Science, Spirituality and the Transition out of Modernity: Towards a Trans- modern Integration of Head and Heart
Abstract: Spirituality, as a domain that is distinguishable from religion, emerged historically during the modern era and hence expresses many of the values of modernity. I define modernity along the lines of historians Foster Jones and Armstrong; as an era that promoted the values of progress, questioning authority, individual liberty and innovation. I also include Wilber’s definition of modernity as an epoch in which domains of knowledge that were previously integrated within religion were separated into discrete discipline and institutions. An eclectic, experiential and experimental spirituality has been one of the defining motifs of the modern era and has acted as an important counterbalance to science throughout. In this talk I will present a model of the relationships between science and spirituality that conceives of them as dialectically opposed yet complementary domains. I will also present evidence that we are currently moving, via the postmodern era (which in many ways is an extreme extension of the values of modernity), into a trans-modern era. This new era is one of radical interconnectedness and of coming up against systemic limits, with which the values of individualism, progress and institutional separations that define modernity are not well equipped to cope. A new way of conceiving the complex relationship between spirituality and science is needed that allows for a more complete and more dynamic integration to emerge out of the two, without reducing one to the other. This, in turn, will allow the respective strengths of science and spirituality to be brought to bear on education and professional practice, and to solving many pressing problems that the modern world has created.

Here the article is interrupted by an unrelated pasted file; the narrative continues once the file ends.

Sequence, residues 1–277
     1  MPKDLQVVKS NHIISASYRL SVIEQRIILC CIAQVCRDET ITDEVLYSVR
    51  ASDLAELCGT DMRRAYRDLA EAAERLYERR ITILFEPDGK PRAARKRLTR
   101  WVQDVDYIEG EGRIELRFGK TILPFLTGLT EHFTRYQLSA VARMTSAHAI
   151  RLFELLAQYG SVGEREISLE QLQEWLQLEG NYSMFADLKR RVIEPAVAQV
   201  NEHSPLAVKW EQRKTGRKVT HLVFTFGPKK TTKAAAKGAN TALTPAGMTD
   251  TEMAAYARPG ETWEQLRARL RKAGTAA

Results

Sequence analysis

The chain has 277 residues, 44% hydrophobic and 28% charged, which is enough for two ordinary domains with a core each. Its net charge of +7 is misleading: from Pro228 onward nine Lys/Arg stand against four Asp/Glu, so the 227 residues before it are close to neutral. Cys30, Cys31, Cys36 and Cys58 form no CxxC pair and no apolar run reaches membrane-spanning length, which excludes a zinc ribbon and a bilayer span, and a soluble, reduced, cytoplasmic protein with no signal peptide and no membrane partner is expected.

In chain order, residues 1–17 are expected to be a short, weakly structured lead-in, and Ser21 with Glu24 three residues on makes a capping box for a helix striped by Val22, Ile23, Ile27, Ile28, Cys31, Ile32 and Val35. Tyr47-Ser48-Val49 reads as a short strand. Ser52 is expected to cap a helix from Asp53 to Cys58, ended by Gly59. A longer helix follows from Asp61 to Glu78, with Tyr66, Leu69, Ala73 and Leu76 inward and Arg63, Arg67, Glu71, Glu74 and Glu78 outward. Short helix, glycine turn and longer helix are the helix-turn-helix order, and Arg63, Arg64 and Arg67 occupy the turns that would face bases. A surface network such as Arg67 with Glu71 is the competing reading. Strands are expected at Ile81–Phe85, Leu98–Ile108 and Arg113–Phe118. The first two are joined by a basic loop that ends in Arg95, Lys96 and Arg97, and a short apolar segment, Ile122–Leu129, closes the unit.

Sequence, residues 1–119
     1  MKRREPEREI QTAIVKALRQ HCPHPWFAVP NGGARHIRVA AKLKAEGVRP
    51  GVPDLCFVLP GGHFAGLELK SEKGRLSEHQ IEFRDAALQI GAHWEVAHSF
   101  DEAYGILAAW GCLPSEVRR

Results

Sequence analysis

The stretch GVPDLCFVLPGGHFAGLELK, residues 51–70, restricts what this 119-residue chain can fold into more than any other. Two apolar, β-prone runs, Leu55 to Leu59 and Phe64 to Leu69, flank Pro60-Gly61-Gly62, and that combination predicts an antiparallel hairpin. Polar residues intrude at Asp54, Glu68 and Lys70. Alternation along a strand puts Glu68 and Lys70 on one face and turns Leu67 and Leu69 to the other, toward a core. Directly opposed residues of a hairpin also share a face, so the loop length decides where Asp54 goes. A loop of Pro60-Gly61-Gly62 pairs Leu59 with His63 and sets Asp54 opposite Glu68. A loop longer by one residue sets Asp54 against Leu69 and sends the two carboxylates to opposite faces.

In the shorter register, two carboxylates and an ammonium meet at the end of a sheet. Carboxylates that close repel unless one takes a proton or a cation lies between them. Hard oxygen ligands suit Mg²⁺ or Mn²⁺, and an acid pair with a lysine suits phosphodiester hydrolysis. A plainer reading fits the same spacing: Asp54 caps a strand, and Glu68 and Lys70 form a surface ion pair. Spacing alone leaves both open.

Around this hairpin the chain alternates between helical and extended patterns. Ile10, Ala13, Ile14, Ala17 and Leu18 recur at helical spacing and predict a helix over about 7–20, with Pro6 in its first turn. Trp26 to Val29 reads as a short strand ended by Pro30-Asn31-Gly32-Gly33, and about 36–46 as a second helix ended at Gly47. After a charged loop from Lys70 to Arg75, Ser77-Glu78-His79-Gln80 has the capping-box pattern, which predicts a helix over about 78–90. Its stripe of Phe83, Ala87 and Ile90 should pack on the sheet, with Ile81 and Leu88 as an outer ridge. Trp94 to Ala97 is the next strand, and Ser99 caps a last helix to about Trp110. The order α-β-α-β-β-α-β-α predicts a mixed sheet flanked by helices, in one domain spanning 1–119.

Oliver Robinson is a Senior Lecturer in Psychology at the University of Greenwich, UK. His research focuses principally on the changes, transformations and transitions of adulthood; he has written a textbook on this topic entitled Development through Adulthood: An integrative sourcebook. He also writes about the relationship between science, philosophy, history and spirituality: His recent book on this topic is entitled Paths Between Head and Heart: Exploring the harmonies of science and spirituality. Oliver co-organises an annual conference for the Scientific and Medical Network entitled Beyond the Brain (www.beyondthebrain.org). His interests include painting, meditation, dancing and spending time with his wife and young daughter.
“I had to dare to go beyond my comfort zone”: Ways to Promote Lifelong Learning of Spiritual Care
Abstract: My interest has been to understand more deeply how students learn about spiritual care, especially in their clinical placements, in real life situations. In this talk I will discuss how students and professionals can enter into a lifelong learning spiral of spiritual care through preparing personally and professionally for spiritual care; and how they can tune into and recognise spiritual cues since, from patients’ and users’ perspectives, this is key to follow up. I will discuss the art of asking questions. I will also point to the importance of systematic reflection to learn and grow, to adjust what is needed, and to develop a professional identity.